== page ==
New city-issued ID cards expected to benefit Richmonders – but at a price
on October 3, 2014
Richmond residents will be able to apply for the city’s first city-issued identification card as of Oct. 15. Like a similar card issued by the city of Oakland, Richmond’s ID card can also be used as a debit card.
“In Richmond, we welcome everyone,” said Mayor Gayle McLaughlin. “This card is an essential step toward greater equity and equality. It is needed to make sure all residents have access to equal services regardless of immigration status. It will help people feel comfortable reaching out to police when needed.”
The ID cards will create protections for not only undocumented immigrants, but also people released from incarceration, and the indigent. The optional debit card feature is of enormous benefit to those who lack access to banking services, McLaughlin said.
LaShonda White, Management Analyst at the City Manager’s Office, said the program is administered by a third-party vendor — SF Global, LLC — at no cost to the city. But according to the agreement with SF Global, the city of Richmond has some small obligations, including promoting the card and the program on the city’s website, and providing office space at a negotiated price to be paid by the vendor.
Oakland’s card came under criticism for being too expensive, forcing SF Global to lower the price. Richmond officials said the pricing of the card is significantly below Oakland’s original launch price. “We don’t set the fees,” White said. “But there were some goals. One of them is to make sure people are not being charged excessive fees.”
While the card will undoubtedly make life easier for undocumented Richmond residents, the fee structure is elaborate, to say the least. In Richmond the monthly card fee will range from zero to $3.99 depending on the number of purchases or how much money has been put onto the card. Raul Hinojosa Ojeda, CEO of SF Global, said if customers make over 25 purchases, or put $1,000 on the card or more, in a single month, they won’t have to pay the $3.99 monthly fee.
Other fees attached to the card include: a $1 fee for each additional call after one free customer service call each month; a $1 fee for card-to-card cash transfers; a 50 cent inactivity fee, which stops after 6 months; a 50 cent balance inquiry fee and a $1 fee when customers withdrawal money from a MoneyPass Network ATM, after 2 free ATM withdrawals.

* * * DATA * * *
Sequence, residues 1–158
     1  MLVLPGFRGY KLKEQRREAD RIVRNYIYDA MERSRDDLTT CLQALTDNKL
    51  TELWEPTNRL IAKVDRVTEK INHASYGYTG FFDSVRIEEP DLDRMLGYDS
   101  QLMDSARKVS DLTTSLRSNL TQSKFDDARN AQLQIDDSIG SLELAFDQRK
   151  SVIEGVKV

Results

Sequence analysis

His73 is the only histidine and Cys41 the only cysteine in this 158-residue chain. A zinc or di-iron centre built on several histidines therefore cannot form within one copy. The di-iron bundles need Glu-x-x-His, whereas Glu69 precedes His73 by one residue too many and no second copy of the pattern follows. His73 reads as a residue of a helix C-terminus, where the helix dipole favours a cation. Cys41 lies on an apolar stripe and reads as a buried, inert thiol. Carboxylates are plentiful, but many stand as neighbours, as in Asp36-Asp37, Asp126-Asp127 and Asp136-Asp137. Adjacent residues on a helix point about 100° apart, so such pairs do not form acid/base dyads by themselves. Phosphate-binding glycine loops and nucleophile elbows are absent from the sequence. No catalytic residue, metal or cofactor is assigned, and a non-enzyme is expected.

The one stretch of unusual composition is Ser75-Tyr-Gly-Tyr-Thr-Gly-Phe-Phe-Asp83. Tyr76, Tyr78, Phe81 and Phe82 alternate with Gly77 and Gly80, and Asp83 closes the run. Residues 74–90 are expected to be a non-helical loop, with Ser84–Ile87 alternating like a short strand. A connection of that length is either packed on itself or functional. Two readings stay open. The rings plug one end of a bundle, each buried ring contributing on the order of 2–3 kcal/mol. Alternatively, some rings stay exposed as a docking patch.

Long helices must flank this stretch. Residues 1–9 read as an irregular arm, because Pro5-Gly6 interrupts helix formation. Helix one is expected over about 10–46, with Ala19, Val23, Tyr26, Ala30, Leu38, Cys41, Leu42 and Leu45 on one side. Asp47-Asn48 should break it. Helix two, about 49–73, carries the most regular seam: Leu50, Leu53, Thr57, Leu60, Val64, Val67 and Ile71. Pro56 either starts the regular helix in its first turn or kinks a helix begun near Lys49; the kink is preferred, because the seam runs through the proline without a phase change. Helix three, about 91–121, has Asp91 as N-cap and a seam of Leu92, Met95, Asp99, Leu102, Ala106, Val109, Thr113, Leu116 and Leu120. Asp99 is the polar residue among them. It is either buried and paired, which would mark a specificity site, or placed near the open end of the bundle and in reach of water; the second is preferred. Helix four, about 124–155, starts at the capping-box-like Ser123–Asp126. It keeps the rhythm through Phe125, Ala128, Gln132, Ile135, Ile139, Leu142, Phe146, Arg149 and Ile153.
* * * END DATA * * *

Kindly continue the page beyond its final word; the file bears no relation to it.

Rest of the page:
Richmond will pay an initial fee of $15 or $10 for seniors. Hinojosa Ojeda said all the money would be used to support the operations and manufacture the cards.
“What we have is a price which is actually significantly below what most debit cards cost,” Hinojosa Ojeda said. “And [the card] is more useful than a debit card, because it’s also a piece of identity.”
To encourage local business growth and employment, Hinojosa Ojeda said the company is going to launch a discount program with the card in the beginning of the year, which allows Richmond residents to get discounts when they conduct purchases in local businesses.
Hinojosa Ojeda added that he expects about 5,000 people, or about 5 percent of the Richmond population, to apply for the cards during the first year.
To receive a card, applicants need to show photo identification, plus proof of Richmond residency such as a utility or services bill. Applications will be processed at Grace Lutheran Church, 2369 Barret Avenue.
Richmond Confidential welcomes comments from our readers, but we ask users to keep all discussion civil and on-topic. Comments post automatically without review from our staff, but we reserve the right to delete material that is libelous, a personal attack, or spam. We request that commenters consistently use the same login name. Comments from the same user posted under multiple aliases may be deleted. Richmond Confidential assumes no liability for comments posted to the site and no endorsement is implied; commenters are solely responsible for their own content.
Richmond Confidential is an online news service produced by the UC Berkeley Graduate School of Journalism for, and about, the people of Richmond, California. Our goal is to produce professional and engaging journalism that is useful for the citizens of the city.
Please send news tips to email@example.com.